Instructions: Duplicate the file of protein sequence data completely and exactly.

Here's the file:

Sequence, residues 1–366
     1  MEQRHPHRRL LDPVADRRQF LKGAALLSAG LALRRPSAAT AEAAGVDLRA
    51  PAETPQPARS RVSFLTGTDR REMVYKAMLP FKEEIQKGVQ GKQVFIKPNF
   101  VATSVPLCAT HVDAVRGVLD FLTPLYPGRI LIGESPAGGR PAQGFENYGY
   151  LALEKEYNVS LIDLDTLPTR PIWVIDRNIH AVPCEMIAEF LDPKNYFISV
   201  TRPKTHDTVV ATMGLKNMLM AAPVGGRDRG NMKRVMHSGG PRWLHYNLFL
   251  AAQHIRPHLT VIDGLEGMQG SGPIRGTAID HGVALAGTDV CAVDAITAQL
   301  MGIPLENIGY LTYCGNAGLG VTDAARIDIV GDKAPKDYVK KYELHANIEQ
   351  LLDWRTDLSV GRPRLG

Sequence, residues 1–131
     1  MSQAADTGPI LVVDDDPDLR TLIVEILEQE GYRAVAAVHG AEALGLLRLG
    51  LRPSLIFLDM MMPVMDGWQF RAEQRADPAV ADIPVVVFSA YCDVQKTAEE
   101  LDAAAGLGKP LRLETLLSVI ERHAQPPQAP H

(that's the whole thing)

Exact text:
Sequence, residues 1–366
     1  MEQRHPHRRL LDPVADRRQF LKGAALLSAG LALRRPSAAT AEAAGVDLRA
    51  PAETPQPARS RVSFLTGTDR REMVYKAMLP FKEEIQKGVQ GKQVFIKPNF
   101  VATSVPLCAT HVDAVRGVLD FLTPLYPGRI LIGESPAGGR PAQGFENYGY
   151  LALEKEYNVS LIDLDTLPTR PIWVIDRNIH AVPCEMIAEF LDPKNYFISV
   201  TRPKTHDTVV ATMGLKNMLM AAPVGGRDRG NMKRVMHSGG PRWLHYNLFL
   251  AAQHIRPHLT VIDGLEGMQG SGPIRGTAID HGVALAGTDV CAVDAITAQL
   301  MGIPLENIGY LTYCGNAGLG VTDAARIDIV GDKAPKDYVK KYELHANIEQ
   351  LLDWRTDLSV GRPRLG

Sequence, residues 1–131
     1  MSQAADTGPI LVVDDDPDLR TLIVEILEQE GYRAVAAVHG AEALGLLRLG
    51  LRPSLIFLDM MMPVMDGWQF RAEQRADPAV ADIPVVVFSA YCDVQKTAEE
   101  LDAAAGLGKP LRLETLLSVI ERHAQPPQAP H